Feeds

Data Domain guns de-duping gear

Quad-core injection

Top 5 reasons to deploy VMware with Tegile

By moving from dual to quad-core Xeons Data Domain has a new high-end DD690 product that dedupes data twice as fast. It is the industry's fastest inline deduplication system.

The DD690 comes as a full array or as a storage-less gateway (DD690g) to which users add SAN storage. The deduplication engine now runs on two quad-core Xeon processors which gives it a throughput of up to 1.4TB/hour, and it can single-stream up to 600GB/hour. The full DD690 array can exhibit a 22.4TB/hour performance.

The addressable capacity is up to 48TB of SATA drives, and the array can store up to 28PB of deduplicated data on its raw capacity of 768TB.

The product supports 10Gbit Ethernet cards with Data Domain saying it needs to be fed data fast to avoid lags caused by waiting for information.

Inline deduplication competition comes from the IBM Diligent product, said to be about a third as fast per controller with the Diligent 1000E 4-socket server and from EMC's Avamar RAIN Grid, which is 17 times slower than the DD690. Data Domain points out that the Diligent product has Fibre Channel drives rather than less expensive SATA ones.

Data Domain reckons that customers can achieve an up to 60:1 deduplication ratio across sites. The DD690 can support up to 60 downstream devices as a hub, i.e, Data Domain DD120 systems in branch offices.

Kevin Platz, European sales VP for Data Domain, said: "The speeds we're attaining open up new possibilities. We architected it for more than VTL (virtual tape libraries) . . . We are a nearline target, an archive target. We look like a file system and we write pretty fast."

The DD60's speed is such that it can be used for all nearline storage applications, meaning all storage more focussed on capacity than performance. The product works with NFS, CIFS, OST, NDMP via Ethernet, or VTL via Fibre Channel.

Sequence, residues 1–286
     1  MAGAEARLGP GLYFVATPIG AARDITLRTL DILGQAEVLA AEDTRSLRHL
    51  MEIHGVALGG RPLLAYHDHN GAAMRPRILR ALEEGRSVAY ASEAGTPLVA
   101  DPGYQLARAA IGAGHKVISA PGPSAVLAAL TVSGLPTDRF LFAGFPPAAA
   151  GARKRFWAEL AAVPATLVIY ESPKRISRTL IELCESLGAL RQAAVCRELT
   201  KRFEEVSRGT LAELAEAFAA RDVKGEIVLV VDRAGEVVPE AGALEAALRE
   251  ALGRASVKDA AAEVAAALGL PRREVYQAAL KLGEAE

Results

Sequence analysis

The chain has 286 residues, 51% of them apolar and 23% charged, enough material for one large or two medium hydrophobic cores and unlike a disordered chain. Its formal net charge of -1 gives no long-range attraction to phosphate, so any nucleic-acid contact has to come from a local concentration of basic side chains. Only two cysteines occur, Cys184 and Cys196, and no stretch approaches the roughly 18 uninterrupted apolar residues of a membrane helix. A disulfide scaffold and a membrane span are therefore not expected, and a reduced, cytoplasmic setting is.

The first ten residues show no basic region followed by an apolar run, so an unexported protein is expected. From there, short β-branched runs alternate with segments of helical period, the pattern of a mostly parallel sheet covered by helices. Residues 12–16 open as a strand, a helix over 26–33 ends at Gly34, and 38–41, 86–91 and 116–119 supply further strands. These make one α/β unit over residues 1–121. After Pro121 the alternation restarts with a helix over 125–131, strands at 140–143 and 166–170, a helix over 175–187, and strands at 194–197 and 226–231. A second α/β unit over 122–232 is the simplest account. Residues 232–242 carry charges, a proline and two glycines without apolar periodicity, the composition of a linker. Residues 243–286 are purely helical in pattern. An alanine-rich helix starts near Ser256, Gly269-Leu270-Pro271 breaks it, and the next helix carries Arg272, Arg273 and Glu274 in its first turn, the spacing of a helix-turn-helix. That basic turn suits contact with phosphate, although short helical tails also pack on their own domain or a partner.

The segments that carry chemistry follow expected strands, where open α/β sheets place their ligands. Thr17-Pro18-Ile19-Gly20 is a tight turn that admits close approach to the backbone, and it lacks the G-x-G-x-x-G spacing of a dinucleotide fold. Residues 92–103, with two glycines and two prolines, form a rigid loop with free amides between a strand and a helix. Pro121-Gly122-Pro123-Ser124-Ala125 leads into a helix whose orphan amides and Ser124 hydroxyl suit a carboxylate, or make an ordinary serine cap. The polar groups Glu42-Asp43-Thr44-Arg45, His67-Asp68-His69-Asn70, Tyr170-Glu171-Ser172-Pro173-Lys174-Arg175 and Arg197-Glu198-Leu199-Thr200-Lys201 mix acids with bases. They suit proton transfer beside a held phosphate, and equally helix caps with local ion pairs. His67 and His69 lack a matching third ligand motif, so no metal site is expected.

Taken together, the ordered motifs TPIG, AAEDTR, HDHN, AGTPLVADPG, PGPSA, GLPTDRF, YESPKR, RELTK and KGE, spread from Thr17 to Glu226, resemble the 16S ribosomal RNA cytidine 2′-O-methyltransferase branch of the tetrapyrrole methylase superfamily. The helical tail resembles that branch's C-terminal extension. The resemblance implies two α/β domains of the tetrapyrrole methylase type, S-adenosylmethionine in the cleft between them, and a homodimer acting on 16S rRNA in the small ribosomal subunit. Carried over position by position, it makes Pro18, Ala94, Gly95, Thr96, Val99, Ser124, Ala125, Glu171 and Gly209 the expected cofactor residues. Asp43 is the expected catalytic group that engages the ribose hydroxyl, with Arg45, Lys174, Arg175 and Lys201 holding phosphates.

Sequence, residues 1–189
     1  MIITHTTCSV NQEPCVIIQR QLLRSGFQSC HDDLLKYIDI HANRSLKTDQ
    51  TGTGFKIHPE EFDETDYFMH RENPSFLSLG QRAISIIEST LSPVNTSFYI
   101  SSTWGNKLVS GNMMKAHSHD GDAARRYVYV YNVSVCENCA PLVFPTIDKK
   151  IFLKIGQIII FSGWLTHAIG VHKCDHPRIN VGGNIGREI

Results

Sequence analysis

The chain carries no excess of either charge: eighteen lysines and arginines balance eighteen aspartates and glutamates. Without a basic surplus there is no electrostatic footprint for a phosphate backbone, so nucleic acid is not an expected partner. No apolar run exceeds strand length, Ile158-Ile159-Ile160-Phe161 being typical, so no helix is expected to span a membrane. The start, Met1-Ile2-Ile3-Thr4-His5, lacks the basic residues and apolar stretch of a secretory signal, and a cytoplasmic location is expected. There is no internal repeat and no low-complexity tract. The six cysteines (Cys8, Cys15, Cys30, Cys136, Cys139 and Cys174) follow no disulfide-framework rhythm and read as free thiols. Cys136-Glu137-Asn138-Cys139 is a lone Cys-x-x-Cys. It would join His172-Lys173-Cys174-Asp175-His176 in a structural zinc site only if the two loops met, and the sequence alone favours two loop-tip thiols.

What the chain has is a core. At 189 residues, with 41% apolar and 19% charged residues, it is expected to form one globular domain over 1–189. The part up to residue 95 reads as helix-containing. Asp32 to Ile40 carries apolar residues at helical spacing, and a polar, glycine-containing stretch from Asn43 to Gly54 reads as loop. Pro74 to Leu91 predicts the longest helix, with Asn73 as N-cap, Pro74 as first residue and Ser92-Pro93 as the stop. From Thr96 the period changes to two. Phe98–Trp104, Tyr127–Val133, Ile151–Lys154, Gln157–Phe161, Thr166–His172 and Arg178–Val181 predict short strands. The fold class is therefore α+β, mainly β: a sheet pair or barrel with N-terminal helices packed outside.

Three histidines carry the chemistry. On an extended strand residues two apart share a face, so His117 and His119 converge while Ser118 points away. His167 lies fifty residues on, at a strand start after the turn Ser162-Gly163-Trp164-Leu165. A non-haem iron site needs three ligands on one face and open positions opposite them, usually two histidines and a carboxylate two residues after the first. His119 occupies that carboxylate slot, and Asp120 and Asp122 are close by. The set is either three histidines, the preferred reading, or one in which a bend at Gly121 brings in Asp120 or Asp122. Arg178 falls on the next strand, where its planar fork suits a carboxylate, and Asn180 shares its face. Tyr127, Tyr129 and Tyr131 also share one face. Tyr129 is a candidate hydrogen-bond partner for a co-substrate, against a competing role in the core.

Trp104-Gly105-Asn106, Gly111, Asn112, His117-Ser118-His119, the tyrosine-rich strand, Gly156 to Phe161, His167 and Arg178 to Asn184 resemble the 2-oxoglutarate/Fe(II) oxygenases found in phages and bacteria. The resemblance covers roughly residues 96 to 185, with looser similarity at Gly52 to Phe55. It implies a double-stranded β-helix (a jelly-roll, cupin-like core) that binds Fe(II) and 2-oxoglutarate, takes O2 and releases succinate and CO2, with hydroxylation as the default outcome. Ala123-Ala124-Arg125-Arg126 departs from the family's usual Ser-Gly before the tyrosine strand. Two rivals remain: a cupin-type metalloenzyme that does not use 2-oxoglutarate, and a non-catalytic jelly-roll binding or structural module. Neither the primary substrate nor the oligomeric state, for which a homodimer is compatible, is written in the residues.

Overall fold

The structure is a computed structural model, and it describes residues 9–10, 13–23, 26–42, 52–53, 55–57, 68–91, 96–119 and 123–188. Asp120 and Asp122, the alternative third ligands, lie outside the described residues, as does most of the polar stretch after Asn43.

The DD690 will be available in the second quarter of this year through Data Domain's channel partners. It will be priced around $210,000 for a 16TB configuration.

Copyright © 2008, Blocks & Files.com

Beginner's guide to SSL certificates

More from The Register

next story
It's Big, it's Blue... it's simply FABLESS! IBM's chip-free future
Or why the reversal of globalisation ain't gonna 'appen
IBM storage revenues sink: 'We are disappointed,' says CEO
Time to put the storage biz up for sale?
'Hmm, why CAN'T I run a water pipe through that rack of media servers?'
Leaving Las Vegas for Armenia kludging and Dubai dune bashing
Microsoft and Dell’s cloud in a box: Instant Azure for the data centre
A less painful way to run Microsoft’s private cloud
Facebook slurps 'paste sites' for STOLEN passwords, sprinkles on hash and salt
Zuck's ad empire DOESN'T see details in plain text. Phew!
Windows 10: Forget Cloudobile, put Security and Privacy First
But - dammit - It would be insane to say 'don't collect, because NSA'
prev story

Whitepapers

Cloud and hybrid-cloud data protection for VMware
Learn how quick and easy it is to configure backups and perform restores for VMware environments.
A strategic approach to identity relationship management
ForgeRock commissioned Forrester to evaluate companies’ IAM practices and requirements when it comes to customer-facing scenarios versus employee-facing ones.
High Performance for All
While HPC is not new, it has traditionally been seen as a specialist area – is it now geared up to meet more mainstream requirements?
Three 1TB solid state scorchers up for grabs
Big SSDs can be expensive but think big and think free because you could be the lucky winner of one of three 1TB Samsung SSD 840 EVO drives that we’re giving away worth over £300 apiece.
Security for virtualized datacentres
Legacy security solutions are inefficient due to the architectural differences between physical and virtual environments.